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India tests samples of cough syrup linked to deaths of children in Gambia

HBS Reporting

India tests samples of cough syrup linked to deaths of children in Gambia

India tests samples of cough syrup linked to deaths of children in Gambia

NEW DELHI, Oct 6 (Reuters) – India said it is testing samples of cough syrups produced by local manufacturer Maiden Pharmaceuticals for export after the World Health Organization said its products were linked to the deaths of dozens of children in Gambia.

The deaths of 66 children in the West African country could deal a major blow to India’s image as a “pharmacy of the world”.

The WHO this week said laboratory analysis of four Maiden products – Promethazine Oral Solution, Kofexmalin Baby Cough Syrup, Makoff Baby Cough Syrup and Magrip N Cold Syrup – had confirmed “unacceptable” amounts of diethylene glycol and ethylene glycol, which can be toxic and lead to acute kidney injury.

Diethylene glycol and ethylene glycol are used in antifreeze and brake fluids and other industrial applications but also as a cheaper alternative in some pharmaceutical products to glycerine, a solvent or thickening agent in many cough syrups.

India’s health ministry said samples of all four products that had been exported to Gambia had been sent for testing to a federal laboratory and the results would “guide the further course of action as well as bring clarity on the inputs received/to be received from WHO.”

It asked the WHO to share its report on the “establishment of causal relation to death with the medical products in question.”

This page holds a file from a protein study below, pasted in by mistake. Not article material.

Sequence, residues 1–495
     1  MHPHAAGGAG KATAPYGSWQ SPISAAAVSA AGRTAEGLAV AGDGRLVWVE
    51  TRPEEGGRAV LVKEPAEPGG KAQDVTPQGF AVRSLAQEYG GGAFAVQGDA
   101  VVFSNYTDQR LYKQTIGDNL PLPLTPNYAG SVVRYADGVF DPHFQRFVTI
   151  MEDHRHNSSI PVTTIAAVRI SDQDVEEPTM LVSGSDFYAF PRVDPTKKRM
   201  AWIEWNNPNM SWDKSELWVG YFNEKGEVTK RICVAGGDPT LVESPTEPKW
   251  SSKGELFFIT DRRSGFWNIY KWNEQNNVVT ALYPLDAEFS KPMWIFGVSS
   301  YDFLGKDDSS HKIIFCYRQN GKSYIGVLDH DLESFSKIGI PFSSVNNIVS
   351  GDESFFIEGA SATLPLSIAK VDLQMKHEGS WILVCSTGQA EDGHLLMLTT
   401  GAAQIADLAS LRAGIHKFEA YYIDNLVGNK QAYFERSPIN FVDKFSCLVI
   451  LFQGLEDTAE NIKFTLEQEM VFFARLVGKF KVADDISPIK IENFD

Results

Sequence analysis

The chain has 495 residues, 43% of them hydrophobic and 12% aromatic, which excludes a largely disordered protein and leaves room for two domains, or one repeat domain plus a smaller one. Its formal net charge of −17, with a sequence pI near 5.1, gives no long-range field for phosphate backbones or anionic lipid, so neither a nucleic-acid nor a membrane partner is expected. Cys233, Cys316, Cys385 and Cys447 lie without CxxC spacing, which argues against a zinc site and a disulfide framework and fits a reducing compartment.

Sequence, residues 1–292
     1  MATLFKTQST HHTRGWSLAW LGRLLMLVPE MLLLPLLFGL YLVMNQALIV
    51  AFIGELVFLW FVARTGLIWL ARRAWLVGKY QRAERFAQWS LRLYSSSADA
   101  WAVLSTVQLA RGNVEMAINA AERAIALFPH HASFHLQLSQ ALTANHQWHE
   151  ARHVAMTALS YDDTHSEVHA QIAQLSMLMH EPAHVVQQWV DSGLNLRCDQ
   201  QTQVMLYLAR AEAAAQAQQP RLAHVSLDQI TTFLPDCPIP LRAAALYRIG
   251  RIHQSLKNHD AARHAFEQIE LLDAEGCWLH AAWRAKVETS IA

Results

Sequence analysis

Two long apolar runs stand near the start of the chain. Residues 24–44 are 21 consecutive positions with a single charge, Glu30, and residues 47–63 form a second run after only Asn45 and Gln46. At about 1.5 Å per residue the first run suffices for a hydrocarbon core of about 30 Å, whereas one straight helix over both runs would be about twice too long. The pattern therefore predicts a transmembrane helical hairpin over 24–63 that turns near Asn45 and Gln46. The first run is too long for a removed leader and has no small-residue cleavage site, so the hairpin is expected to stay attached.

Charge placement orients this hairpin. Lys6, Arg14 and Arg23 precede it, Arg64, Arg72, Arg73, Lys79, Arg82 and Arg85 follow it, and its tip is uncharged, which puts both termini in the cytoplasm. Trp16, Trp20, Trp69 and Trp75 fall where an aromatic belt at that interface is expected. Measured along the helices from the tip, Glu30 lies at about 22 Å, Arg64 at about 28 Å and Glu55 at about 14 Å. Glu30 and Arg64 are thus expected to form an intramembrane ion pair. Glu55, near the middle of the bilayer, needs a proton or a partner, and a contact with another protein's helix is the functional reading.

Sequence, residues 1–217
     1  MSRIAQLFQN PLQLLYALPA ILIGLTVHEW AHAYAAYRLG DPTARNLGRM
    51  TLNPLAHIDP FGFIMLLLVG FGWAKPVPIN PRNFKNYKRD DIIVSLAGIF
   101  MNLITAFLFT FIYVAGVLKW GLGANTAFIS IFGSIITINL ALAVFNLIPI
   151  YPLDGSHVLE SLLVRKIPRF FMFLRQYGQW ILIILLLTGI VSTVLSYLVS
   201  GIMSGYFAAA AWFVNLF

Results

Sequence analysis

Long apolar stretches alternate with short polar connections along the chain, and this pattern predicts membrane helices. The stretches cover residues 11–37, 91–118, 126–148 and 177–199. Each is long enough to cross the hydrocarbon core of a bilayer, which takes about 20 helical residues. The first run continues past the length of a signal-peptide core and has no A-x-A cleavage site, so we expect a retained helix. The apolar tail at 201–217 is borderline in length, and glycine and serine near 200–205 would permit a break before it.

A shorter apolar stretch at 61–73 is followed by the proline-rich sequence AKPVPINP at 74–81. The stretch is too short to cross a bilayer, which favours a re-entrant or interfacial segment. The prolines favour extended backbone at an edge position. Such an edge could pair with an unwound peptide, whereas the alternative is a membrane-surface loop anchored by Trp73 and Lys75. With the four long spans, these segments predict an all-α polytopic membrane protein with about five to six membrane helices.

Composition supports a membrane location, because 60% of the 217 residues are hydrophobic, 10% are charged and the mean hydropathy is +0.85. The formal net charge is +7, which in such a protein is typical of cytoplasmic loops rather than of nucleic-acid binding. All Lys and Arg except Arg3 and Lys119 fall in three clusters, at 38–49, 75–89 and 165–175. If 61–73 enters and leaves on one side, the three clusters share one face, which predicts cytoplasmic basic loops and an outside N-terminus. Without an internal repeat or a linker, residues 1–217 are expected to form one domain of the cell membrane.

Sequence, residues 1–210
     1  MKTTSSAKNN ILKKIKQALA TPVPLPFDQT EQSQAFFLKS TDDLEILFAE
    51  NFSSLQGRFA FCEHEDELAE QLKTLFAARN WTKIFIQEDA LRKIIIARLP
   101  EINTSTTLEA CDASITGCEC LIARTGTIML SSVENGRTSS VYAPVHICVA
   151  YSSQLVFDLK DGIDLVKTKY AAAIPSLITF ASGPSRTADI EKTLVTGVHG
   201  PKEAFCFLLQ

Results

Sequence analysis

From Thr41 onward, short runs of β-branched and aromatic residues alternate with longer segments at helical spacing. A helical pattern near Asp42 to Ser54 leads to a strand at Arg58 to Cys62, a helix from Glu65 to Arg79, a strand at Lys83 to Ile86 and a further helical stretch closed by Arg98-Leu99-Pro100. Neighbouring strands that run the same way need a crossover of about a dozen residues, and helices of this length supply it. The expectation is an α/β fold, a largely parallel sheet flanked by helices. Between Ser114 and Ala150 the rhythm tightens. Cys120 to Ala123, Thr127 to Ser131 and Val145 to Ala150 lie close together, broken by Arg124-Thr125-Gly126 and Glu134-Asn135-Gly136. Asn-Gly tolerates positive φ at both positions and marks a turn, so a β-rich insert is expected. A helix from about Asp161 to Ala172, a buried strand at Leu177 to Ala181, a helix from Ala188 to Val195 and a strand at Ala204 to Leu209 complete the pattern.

WHO spokesperson Margaret Harris did not directly reply to a Reuters query on when the report might be shared with the health ministry.

She said, however, that information from Maiden and India’s director of the Central Drugs and Standard Control Organisation indicated that authorities had visited the company’s factories “to investigate this specific incident and WHO awaits the findings”.

Anil Vij, the health minister of Haryana state where Maiden has its factories, warned of “strict action if anything is found wrong” after the tests.

WHO Director-General Tedros Adhanom Ghebreyesus told reporters on Wednesday that the U.N. agency was investigating the deaths from acute kidney injuries with India’s drug regulator and the drug maker.

The agency informed the Drugs Controller General of India of the deaths late last month after which the regulator launched an investigation with state authorities in tandem with the WHO.

Naresh Kumar Goyal, a Maiden director, told Reuters, however, that the company had heard about the deaths only on Thursday morning and was trying to find out details.

“We are trying to find out the situation because it cropped up only today,” he said by phone. “We are trying to find out with the buyer and all that what has happened exactly. We are not selling anything in India.” He declined to speak further.

Maiden, which launched its operations in November 1990, manufactured and exported the syrup only to Gambia, the Indian health ministry said. Maiden on its website says it has two manufacturing plants, in Kundli and Panipat, both near New Delhi in Haryana, and has recently set up another one.

Maiden has an annual production capacity of 2.2 million syrup bottles, 600 million capsules, 18 million injections, 300,000 ointment tubes and 1.2 billion tablets.

Maiden on its website says it sells its products at home and exports to countries in Asia, Africa and Latin America, although Goyal said they were not currently selling in India.

The health ministry said importing countries typically test such products before allowing their use.

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